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General organisation and administration

This page describes the organisation, governance and financing of the Danish education system.

The Danish education system consists of integrated primary and lower secondary education, upper secondary education and higher education, as well as a system of adult and continuing education.

Education is compulsory between the ages of six and sixteen. Compulsory education consists of ten years of primary and lower secondary education, including one pre-school year (grade 0) and years (grades) 1 – 9. Public school education also offers the pupils an optional year (grade) 10.

Danish is the medium of instruction in schools. However, English is a compulsory subject in the Folkeskole (from Year 1) and in general upper secondary school. Most university-level institutions offer various courses and programmes in English.

The academic year runs from August/September to June.

Overall regulation

The education system is financed by the state and the municipalities. Some institutions, including the upper secondary education institutions, are independent and self-governing, while others are owned by the state or the municipalities.

Education is largely the responsibility of the Ministry of Education and the Ministry of Higher Education and Science.

National legislation covers the aims and framework of education, funding and in some cases curricula, examinations and staffing.

The Ministry of Education is responsible for setting up the framework for curricula at primary and secondary level. However, the contents of the courses are finalised by the teachers themselves, with their pupils. The Ministry of Education oversees the municipal primary and lower secondary school ("Folkeskole") in collaboration with the municipal councils.

In the field of vocational education and training, sectoral committees with equal representation of the labour market organisations concerned play an important role in defining and developing vocational qualifications and stipulating the training conditions. Technical colleges and business colleges are independent institutions under the overall authority of the Ministry of Education.

The Ministry of Higher Education and Science is largely responsible for higher education. Some of the higher education programmes within the arts fall under the responsibility of the Ministry of Culture, e.g. the schools of visual arts and the academies of music. Specialised education programmes within the Danish Defence are managed by the Ministry of Defence.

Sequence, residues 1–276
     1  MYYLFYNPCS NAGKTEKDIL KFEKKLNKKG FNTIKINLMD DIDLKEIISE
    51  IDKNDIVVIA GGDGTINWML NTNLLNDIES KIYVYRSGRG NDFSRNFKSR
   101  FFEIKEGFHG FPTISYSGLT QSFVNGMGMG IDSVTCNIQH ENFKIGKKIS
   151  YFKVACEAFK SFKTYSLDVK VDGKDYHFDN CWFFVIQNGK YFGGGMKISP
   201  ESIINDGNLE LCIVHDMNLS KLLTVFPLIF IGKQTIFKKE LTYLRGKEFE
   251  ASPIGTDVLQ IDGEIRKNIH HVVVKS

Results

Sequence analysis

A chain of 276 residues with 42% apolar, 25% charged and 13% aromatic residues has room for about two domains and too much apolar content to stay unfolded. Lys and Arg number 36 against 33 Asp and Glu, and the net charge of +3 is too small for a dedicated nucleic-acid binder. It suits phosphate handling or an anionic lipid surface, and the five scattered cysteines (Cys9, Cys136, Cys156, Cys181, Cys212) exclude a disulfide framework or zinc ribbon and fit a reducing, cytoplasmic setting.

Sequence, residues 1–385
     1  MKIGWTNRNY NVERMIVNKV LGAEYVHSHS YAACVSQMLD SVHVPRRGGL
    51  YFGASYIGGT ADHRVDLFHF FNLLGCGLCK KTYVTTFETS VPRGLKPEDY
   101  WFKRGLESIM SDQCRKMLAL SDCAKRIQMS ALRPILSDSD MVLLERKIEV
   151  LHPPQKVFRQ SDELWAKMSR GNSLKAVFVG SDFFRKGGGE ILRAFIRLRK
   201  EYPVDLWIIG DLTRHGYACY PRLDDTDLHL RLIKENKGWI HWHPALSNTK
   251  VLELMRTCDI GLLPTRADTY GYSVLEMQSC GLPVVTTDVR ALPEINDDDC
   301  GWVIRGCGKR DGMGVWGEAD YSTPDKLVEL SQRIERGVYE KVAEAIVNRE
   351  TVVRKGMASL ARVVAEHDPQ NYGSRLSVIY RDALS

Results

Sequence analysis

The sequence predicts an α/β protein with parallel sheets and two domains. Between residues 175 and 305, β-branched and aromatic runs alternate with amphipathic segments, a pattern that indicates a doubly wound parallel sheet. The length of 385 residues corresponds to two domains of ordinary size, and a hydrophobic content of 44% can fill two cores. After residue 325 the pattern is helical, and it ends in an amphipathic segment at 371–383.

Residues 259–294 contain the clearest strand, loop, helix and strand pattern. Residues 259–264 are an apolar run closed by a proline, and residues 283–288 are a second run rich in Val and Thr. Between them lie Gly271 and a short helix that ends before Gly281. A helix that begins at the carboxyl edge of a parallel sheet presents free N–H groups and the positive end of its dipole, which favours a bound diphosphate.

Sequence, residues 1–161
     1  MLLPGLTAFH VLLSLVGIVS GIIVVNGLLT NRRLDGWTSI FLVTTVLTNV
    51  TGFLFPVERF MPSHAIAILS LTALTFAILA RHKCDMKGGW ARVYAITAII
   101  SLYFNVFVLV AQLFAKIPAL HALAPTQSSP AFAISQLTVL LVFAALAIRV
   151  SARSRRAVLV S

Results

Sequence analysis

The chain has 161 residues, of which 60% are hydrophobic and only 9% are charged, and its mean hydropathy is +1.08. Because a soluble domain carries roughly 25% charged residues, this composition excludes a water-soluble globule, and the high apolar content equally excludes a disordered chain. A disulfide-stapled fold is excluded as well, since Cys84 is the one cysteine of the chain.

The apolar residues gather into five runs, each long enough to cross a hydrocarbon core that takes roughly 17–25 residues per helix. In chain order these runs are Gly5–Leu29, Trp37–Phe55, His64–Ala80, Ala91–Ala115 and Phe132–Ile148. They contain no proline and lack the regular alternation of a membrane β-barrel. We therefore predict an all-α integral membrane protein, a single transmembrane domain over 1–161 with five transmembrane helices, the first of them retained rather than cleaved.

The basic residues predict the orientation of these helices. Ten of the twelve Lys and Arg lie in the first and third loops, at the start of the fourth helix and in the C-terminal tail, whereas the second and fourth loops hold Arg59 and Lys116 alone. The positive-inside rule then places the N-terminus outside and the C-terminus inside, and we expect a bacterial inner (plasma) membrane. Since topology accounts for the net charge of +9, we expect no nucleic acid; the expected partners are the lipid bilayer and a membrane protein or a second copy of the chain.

Institutional autonomy

Institutions of higher education in Denmark have a long tradition of academic freedom and autonomy. The ministries lay down the overall regulations for all institutions of higher education. These include regulations concerning the admission of students, the structure of studies, programmes offered, awarding of degrees and appointment of teachers and academic staff.

The individual institutions draw up and update their study programmes, indicating the aims, scope and duration, form and contents of the courses, as well as a description of the syllabus.

Financing and ownership

The education system is financed by the state or the municipalities. Some institutions are self-governing, while others are owned by the state or the municipalities.

The table below illustrates the sources of funding and forms of ownership for selected groups of institutions. In addition to public financing, tuition fees are charged at private schools and there is user payment for a number of adult education programmes.

State insti-tutionsState-
ted, self-
ing institu-
by the munici-
tion fee
Folkeskole         x   No 
Private elemen-
tary schools 
    x*     Yes 
Continuation schools      x**     Yes 
Gymnasium      x      No 
Commercial colleges      x      No 
Technical colleges      x      No 
Maritime schools   x         No 
Schools of marine engineering   x         No 
SOSU colleges      x      No 
Business academies     x      No 
Specialised colleges and university colleges      x      No 
Universities      x      No 
Schools of architecture   x         No 
Academies of music   x         No 
Adult education centres      x      Yes 
Labour market training courses      x      Yes 
Folk High Schools      x      Yes 
Evening schools         x   Yes 

* Public contribution to private elementary schools: 85% of the state’s operational grant per pupil, excluding expenditures for pensions.
** Continuation schools depend on a large degree of state funding. Pupils at continuation schools have to pay a tuition fee but the amount varies and is subsidised by the state, depending on parent income.

Taximeter financing

The central government's system of financing education and training is almost exclusively based on the so-called taximeter system, a comprehensive financing system based on per capita grants (cash-per student) to institutions.

The grants are calculated primarily on the recorded student activity measured on the passing of examinations. The taximeter rate varies according to subject field and level of education.